Metallica Amp Settings – James Hetfield & Kirk Hammett Guitar Tone!

Author: Dedrich Schafer | Updated: | This post may contain affiliate links.

Metallica is not only one of the biggest bands in metal, but one of the biggest bands in all of music. Their decades-long career has helped to popularize metal and make it one of the biggest genres of music in the world.

The two guitarists of Metallica, James Hetfield and Kirk Hammett, are also considered two of the best players in the industry and are certified guitar gods.

Their sound has helped to shape modern metal. But what goes into creating this defining sound? Let us take a look at some of the gear that they use and the amp settings to some of their songs to understand how they achieve their famous sound.

The Guitars

There are three main guitar brands that both Hetfield and Hammett have used throughout their careers: ESP, Gibson, and Jackson. They have used a number of other brands as well, but these are the three that are most frequently associated with them.

But even though they choose the same brands, their choice of guitar does differ a bit.

James

James Hetfield is probably best known for his Explorer shape guitars, from the classic Gibson Explorer to his more modern-looking ESP Snakebyte.

He can also often be seen playing with Les Paul shape guitars – both his own ESP signature model and the classic Gibson Les Paul.

Hetfield also plays with Flying V shape guitars, like the Jackson Pro King V. He does seem to prefer the more traditional shape over the asymmetrical V shape used by guitarists like Alexi Laiho and Randy Rhoads.

Kirk

A big ESP player like his bandmate, Kirk Hammett prefers the more traditional Super Strat shape, usually playing with his ESP LTD signature.

But just like Hetfield, Hammett also often plays with Les Paul-shaped guitars. He also has his own signature ESP model and a Gibson Custom which is his main Les Paul.

Kirk is also a fan of the Flying V shape. He used a Gibson Flying V on many of Metallica’s greatest hits and has a Jackson Randy Rhoads that he still plays live.

On a Budget

Many of the guitars used by James and Kirk are quite expensive and likely outside the budget of many guitarists. That doesn’t mean that you can’t recreate their sound with cheaper alternatives.

Even within their brands of choice, there are many guitars on offer that will get you very close to Metallica’s sound.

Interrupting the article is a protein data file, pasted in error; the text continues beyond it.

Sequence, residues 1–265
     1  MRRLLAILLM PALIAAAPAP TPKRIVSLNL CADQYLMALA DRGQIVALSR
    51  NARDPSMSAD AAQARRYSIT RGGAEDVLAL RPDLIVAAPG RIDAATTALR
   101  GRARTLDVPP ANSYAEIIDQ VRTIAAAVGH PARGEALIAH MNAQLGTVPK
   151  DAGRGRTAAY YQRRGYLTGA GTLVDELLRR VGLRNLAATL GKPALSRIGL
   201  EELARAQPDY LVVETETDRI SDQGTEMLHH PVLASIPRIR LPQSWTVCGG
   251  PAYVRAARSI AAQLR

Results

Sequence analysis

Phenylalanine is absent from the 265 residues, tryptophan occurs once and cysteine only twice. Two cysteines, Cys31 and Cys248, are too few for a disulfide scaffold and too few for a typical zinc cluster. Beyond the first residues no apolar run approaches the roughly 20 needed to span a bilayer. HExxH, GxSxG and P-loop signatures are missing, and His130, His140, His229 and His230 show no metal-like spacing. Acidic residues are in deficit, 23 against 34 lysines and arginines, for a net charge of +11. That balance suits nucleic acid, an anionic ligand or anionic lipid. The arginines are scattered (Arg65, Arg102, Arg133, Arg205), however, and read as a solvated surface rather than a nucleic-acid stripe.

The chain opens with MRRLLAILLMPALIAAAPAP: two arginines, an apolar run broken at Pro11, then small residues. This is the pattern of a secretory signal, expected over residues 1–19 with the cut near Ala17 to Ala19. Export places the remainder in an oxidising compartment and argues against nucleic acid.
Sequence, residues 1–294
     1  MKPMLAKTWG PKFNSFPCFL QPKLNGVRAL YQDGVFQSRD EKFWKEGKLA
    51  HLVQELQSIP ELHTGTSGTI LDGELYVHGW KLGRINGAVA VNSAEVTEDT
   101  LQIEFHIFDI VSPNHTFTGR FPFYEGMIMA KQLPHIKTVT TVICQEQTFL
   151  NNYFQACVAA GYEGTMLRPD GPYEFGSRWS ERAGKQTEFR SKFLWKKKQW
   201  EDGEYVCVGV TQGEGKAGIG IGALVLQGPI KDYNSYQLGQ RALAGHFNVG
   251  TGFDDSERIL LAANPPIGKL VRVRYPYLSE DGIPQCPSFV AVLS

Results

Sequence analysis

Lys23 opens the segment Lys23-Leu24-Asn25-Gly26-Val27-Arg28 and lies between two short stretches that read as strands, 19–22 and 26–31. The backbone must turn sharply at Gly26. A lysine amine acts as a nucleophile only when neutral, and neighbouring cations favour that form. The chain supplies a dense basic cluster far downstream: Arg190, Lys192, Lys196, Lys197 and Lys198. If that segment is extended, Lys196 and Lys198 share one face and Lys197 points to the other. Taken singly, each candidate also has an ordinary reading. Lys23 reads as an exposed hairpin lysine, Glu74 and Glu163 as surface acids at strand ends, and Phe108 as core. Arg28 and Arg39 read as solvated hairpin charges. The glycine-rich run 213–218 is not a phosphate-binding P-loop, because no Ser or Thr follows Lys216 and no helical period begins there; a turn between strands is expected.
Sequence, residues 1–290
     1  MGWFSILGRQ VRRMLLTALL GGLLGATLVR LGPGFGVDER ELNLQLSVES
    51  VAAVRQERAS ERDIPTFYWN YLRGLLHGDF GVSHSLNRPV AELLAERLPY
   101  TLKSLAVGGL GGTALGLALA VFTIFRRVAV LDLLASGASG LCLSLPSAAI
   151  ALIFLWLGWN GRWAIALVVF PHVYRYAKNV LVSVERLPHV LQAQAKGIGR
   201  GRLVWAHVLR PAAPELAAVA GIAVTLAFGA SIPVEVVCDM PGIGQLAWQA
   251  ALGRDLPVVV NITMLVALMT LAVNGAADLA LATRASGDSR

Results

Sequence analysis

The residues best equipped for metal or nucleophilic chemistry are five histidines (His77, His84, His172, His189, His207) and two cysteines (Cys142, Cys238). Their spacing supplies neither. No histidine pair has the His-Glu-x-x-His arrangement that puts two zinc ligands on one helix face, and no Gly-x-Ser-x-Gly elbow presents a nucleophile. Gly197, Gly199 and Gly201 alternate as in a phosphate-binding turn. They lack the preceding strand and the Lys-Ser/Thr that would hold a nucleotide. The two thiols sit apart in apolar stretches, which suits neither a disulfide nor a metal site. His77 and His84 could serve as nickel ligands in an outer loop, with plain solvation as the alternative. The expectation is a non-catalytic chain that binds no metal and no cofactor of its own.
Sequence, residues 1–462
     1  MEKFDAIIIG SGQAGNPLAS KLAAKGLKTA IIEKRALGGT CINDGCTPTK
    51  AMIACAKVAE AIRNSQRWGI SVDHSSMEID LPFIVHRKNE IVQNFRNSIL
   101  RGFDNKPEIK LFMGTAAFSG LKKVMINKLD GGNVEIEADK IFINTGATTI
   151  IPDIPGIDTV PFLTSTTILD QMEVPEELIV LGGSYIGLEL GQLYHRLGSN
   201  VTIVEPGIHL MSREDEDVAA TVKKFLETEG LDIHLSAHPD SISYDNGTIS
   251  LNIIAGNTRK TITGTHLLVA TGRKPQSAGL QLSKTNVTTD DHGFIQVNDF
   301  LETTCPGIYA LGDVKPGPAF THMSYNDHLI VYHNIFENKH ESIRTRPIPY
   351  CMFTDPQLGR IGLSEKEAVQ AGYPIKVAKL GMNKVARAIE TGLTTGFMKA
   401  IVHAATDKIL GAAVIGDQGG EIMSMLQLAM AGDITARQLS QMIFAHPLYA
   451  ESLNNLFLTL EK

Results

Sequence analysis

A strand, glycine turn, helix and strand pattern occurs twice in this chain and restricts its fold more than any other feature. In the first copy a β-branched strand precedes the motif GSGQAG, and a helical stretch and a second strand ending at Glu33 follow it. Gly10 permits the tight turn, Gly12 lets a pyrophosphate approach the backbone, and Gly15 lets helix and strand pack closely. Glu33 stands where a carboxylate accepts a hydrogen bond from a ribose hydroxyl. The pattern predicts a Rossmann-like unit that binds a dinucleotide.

Jackson and ESP both have very affordable guitars that can emulate both the Metallica sound and look.

Jackson’s JS series has Explorer and Flying V shape guitars. The Jackson Kelly has a similar shape to the Gibson used by Hetfield, while the Jackson Rhoads is the same V shape used by Hammett.

For ESP, there is the ESP Eclipse for those looking for a Les Paul shape, while the ESP EX-201 has a sharper Explorer shape. Kirk Hammett’s own signature Super Strat shape also comes in a more affordable variant.

The Greeny Experiment

What would you say is a common ground between Kirk Hammett, Peter Green, Jeff Beck, Jimi Hendrix, Gary Moore, George Harrison, and Rory Gallagher? They’re all guitar legends, I know.

Well, recently, that common ground expanded since Kirk bought “Greeny”, the legendary guitar that Peter Green used in Fleetwood Mac and the John Mayall albums. Moreover, it’s the guitar that helped Gary Moore tear the fabric of music apart by bending those notes up to the stratosphere, and that was played by all the people named above.

But what makes “Greeny” so special? Well, to begin with, it’s a holy grail, a ‘59 Sunburst Les Paul. The other thing that makes it unique is that the neck pickup is reversed, giving the lucky owner a weird out-of-phase sound in the middle position.

Here’s Kirk Hammett talking about his impressions after having purchased “Greeny”.

But that’s not all the news, the news is that Gibson came up with three versions of the guitar to accommodate all budgets. Well, most budgets.

You can get the absolutely precise recreation of the guitar with all its battle scars and years of stage presence. That’s the most expensive version, the Custom Collector’s Edition. Yes, I know, that’s one hefty price tag. If you compare it to the real thing, though, it’s only a small percentage of the real value.

The second alternative is the NOS (New Old Stock) version of the guitar. This is the instrument without the high mileage. It comes with a drastically lower price tag attached and the same reversed neck pickup.

Finally, Gibson even changed the headstock to a traditional “open book” Gibson shape for the Epiphone version of “Greeny”. And guess what? Yes, Kirk played the Epiphone version on stage with Metallica in front of a lit audience and the guitar performed flawlessly.

That’s the most affordable version of “Greeny” so far.

EMG Active Pickups, the Secret Ingredient

Along with Zakk Wylde and a handful of other metal guitarists, James Hetfield and Kirk Hammett embraced active pickups for their guitars three decades ago. In fact, let me tell you that, most of the band’s aggressive punchiness and super-tight low-end comes from the active pickups on their instruments.